Tuesday, June 17, 2014 – 11:00 a.m.
Last Modified: Wednesday, June 18, 2014 – 12:30 a.m.
One has to wonder what’s coming down the road for the economy. There’s no debate that the Federal Reserve was responsible for the Internet and real estate bubbles, of the past.
The big question here is how big is the new Federal Reserve-driven stock and real estate bubble?
I pulled up the latest Federal Reserve balance sheet and couldn’t believe what I was actually seeing. I never ever thought they would go this far.
Prior to the 2008 collapse, the Fed kept its balance sheet below $1 trillion. Please remember, when the Fed buys asets to place on its balance sheet, it isn’t using money from the U.S. Treasury, or money generated from government-issued debt. It’s printing, or making the money appear out of thin air, by pushing some numbers on a computer screen.
The balance isn’t reflected in the actual national debt numbers, but is only listed as a footnote on the U.S. Treasury balance sheet.
For years now, the Fed has been using fake money to buy up government and mortgage-backed securities (MBS), in order to push interest rates down, thus providing liquidity (easy money) to foster economic growth. This slush-fund of money has been used by investors, banks and others, to buy up real estate and stocks.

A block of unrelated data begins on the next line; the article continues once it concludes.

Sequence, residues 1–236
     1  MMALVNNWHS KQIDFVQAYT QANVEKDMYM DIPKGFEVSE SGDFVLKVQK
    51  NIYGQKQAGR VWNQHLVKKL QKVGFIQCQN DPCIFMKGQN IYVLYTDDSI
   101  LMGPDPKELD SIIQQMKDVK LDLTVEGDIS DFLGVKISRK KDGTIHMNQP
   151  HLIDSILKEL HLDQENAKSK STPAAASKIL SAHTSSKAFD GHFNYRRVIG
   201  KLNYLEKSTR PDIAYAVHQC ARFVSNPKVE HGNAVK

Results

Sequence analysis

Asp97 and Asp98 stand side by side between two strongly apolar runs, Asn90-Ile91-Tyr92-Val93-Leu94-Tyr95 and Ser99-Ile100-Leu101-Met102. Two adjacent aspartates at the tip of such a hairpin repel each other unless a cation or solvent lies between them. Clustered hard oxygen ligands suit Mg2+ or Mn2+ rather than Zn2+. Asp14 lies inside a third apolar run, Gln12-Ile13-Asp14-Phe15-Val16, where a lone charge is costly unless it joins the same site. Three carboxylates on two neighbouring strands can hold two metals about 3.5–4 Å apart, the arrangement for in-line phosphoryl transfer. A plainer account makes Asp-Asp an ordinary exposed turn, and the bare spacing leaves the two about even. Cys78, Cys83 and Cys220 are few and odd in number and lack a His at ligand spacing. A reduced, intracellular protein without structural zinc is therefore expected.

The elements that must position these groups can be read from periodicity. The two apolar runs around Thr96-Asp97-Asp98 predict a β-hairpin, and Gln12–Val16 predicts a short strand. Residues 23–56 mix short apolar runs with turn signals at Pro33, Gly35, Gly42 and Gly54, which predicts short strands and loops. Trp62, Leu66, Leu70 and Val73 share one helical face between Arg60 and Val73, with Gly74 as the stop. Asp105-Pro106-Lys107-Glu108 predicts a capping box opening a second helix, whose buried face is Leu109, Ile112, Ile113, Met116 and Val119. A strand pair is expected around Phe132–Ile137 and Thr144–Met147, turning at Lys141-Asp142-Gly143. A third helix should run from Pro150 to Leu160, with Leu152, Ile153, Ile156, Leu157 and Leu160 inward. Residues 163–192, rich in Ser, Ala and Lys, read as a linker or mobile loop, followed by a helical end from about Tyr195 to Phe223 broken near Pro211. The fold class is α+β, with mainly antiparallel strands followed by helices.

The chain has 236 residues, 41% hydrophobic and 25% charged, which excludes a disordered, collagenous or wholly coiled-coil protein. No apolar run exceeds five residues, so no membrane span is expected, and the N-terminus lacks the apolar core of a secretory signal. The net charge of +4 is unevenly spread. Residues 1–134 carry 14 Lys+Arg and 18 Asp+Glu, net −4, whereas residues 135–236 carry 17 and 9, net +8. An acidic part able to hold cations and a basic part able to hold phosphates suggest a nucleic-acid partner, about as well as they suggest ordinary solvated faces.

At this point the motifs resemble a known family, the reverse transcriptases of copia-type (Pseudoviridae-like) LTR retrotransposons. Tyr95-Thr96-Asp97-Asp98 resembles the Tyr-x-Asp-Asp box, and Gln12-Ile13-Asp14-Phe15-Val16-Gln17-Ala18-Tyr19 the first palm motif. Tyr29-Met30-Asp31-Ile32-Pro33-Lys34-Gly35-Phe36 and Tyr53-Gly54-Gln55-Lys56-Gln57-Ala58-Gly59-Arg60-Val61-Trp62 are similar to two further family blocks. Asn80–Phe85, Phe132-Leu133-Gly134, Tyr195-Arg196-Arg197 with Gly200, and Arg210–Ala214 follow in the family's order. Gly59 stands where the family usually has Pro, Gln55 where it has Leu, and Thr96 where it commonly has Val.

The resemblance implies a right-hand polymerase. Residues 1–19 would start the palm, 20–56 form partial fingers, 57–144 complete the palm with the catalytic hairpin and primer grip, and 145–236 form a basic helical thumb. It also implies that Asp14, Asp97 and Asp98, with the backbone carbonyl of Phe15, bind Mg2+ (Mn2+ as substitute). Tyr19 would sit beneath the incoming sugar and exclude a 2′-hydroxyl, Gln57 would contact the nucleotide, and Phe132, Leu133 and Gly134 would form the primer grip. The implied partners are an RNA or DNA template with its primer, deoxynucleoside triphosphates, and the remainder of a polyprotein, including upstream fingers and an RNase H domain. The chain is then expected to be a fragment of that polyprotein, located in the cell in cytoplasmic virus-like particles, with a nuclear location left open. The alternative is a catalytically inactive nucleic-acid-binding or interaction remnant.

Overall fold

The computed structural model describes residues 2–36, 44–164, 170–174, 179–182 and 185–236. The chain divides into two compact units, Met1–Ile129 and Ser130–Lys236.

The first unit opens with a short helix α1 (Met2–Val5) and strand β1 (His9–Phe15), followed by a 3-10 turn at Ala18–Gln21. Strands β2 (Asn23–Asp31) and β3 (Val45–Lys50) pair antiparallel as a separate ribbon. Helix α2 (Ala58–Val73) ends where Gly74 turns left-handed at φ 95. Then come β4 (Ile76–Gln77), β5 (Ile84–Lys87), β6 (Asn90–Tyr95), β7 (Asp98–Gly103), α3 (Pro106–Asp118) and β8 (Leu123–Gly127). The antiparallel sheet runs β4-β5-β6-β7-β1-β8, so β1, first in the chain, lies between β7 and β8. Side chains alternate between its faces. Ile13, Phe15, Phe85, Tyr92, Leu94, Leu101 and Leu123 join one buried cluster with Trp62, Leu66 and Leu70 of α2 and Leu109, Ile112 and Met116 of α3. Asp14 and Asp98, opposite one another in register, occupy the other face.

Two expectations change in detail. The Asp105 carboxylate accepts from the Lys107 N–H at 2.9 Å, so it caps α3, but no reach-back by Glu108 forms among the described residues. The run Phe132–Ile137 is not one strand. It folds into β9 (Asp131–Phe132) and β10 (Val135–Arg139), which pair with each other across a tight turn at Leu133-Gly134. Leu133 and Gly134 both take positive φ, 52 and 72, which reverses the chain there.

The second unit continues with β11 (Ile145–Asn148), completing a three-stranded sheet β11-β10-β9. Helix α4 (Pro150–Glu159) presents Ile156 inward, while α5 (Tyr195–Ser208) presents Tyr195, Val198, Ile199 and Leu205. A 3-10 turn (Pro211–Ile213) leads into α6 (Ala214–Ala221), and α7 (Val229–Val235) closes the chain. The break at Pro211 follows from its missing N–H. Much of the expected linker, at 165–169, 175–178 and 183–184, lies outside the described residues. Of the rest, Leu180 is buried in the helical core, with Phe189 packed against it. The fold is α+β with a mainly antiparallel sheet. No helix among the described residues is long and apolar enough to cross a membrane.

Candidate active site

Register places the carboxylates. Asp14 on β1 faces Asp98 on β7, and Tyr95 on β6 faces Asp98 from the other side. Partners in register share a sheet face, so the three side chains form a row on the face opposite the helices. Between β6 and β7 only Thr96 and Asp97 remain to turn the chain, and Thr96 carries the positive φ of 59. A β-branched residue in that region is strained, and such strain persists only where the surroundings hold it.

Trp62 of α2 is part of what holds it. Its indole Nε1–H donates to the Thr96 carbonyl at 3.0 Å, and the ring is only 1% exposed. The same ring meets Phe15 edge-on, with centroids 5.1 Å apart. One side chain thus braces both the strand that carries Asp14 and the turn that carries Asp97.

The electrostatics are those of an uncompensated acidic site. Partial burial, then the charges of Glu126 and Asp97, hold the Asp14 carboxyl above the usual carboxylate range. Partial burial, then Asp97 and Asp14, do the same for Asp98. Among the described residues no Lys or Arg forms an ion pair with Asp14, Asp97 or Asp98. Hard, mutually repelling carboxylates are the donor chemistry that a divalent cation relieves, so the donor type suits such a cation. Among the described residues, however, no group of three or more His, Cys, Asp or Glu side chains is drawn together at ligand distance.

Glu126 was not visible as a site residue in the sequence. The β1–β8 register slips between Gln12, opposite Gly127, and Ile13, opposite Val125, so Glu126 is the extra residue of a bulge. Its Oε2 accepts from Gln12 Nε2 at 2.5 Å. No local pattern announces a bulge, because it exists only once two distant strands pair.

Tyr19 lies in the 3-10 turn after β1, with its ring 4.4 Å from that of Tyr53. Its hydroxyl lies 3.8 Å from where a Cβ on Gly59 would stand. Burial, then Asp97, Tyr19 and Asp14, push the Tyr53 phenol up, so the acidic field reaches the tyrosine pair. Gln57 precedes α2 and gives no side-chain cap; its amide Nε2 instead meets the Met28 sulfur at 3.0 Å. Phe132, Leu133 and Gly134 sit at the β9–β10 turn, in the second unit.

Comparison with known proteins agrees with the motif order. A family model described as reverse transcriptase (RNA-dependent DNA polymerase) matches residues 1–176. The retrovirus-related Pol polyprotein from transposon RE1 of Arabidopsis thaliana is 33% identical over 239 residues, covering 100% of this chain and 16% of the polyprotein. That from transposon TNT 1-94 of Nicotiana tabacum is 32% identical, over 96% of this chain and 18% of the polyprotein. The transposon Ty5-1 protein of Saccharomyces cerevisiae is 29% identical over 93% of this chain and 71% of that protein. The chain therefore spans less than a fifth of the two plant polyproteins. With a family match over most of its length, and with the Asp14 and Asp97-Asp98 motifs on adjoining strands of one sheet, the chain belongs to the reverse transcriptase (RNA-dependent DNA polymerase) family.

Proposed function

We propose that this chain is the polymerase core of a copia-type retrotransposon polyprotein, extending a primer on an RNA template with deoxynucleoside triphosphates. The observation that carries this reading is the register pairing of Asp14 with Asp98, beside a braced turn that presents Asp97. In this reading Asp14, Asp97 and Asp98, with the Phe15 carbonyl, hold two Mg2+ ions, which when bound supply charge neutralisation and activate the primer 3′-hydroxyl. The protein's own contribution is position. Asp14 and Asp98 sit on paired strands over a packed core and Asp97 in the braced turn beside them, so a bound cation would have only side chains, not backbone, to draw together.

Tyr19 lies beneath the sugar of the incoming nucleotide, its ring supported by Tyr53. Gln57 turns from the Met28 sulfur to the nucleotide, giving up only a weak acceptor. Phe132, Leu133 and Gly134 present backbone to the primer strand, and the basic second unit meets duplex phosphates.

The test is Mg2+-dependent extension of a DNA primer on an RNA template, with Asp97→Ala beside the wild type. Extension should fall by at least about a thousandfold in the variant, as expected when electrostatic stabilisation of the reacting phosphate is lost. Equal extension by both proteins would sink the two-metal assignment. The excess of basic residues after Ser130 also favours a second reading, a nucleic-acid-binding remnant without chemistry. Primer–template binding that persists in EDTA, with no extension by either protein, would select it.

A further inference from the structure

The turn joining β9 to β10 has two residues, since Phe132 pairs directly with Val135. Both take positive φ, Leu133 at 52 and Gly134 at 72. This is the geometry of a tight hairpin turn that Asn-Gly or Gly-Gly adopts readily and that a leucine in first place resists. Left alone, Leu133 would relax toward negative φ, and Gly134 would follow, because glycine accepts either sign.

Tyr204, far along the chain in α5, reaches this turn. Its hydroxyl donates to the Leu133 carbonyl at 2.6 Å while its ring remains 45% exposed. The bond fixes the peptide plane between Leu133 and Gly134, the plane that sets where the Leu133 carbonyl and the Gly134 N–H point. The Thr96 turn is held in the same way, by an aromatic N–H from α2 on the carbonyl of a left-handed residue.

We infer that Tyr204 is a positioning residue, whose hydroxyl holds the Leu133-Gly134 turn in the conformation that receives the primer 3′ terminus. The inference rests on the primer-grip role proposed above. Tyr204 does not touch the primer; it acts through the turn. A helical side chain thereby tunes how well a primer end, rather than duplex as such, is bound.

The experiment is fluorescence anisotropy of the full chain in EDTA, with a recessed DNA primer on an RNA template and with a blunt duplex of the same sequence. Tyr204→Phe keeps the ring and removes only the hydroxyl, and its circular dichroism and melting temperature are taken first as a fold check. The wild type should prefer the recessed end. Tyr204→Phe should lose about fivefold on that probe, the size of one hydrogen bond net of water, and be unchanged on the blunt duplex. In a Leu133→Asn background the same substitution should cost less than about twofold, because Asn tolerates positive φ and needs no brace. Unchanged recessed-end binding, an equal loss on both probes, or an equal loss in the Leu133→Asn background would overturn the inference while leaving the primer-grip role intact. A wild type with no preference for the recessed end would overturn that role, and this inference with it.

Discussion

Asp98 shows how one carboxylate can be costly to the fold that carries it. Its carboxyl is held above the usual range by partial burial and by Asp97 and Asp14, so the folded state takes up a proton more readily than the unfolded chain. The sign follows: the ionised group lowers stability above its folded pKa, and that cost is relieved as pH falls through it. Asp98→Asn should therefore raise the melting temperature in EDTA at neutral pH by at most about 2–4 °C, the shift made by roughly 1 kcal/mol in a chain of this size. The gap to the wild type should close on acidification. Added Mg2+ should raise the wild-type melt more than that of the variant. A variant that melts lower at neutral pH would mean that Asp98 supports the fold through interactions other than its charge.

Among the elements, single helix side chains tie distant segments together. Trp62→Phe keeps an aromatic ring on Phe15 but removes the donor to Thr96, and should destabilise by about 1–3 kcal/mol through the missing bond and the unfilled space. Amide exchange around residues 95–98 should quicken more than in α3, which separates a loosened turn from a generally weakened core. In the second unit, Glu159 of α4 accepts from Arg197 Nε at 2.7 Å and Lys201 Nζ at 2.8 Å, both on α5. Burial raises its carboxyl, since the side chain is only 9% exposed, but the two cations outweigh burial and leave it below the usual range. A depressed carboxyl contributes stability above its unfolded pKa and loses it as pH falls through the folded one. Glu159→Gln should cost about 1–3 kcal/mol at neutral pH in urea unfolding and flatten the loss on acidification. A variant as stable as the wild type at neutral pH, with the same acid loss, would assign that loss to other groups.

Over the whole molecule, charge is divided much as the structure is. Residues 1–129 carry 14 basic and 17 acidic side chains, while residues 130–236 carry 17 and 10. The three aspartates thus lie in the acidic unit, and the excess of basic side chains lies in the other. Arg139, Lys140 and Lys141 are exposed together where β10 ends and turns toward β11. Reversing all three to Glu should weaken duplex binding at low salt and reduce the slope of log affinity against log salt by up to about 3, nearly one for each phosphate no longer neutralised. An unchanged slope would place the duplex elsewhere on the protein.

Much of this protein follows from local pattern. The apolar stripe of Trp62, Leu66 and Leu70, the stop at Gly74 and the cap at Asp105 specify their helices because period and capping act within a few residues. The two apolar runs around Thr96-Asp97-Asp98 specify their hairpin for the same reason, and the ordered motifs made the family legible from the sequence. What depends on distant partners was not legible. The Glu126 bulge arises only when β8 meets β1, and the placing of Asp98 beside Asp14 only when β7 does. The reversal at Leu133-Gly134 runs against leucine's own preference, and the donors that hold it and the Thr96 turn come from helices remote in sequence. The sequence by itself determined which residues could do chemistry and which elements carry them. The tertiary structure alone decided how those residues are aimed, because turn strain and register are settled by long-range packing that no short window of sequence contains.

The result? A continuing weak economy, which contracted 1% in the 1st Quarter of 2014, higher commodity inflation, a record stock market, and real estate prices that have skyrocketed back from a devastating collapse.
As of June 12, 2014, the Fed had assets on its balance sheet totaling $4.38 trillion. Combined with the official U.S. balance sheet deficit of $17.4 trillion.
A figure that is just under 130% of the annual Gross Domestic Product (GDP) of the U.S., which is currently at $16.8 trillion.
Of that amount, $2.27 trillion was used to purchase government securities in the open market. Another $1.65 trillion was used to buy MBS instruments.
Until recently, the Fed was buying at a pace of $85 billion in securities per month. That amount has been reduced at a rate of $10 billion per month to the current $45 billion. The purchases should end by October.
The next issue becomes the trillions of dollars of securities on the books, that need to slowly flow off at a snails pace. If the Fed holds the debt to maturity, it’s going to be interesting. More than half of the balance sheet matures in 10 years, or longer.
So the big question remains. If all this stimulus didn’t send the economy into orbit, how will taking it away impact the economy, real estate and stocks?
The mom and pop investor has finally started plowing back into the market once again. While at the same time, the wealthy have been slowly pulling their money out, or hedging.
Then there’s the next question: How big will the next crash be?
Because they always happen, and we haven’t had one yet.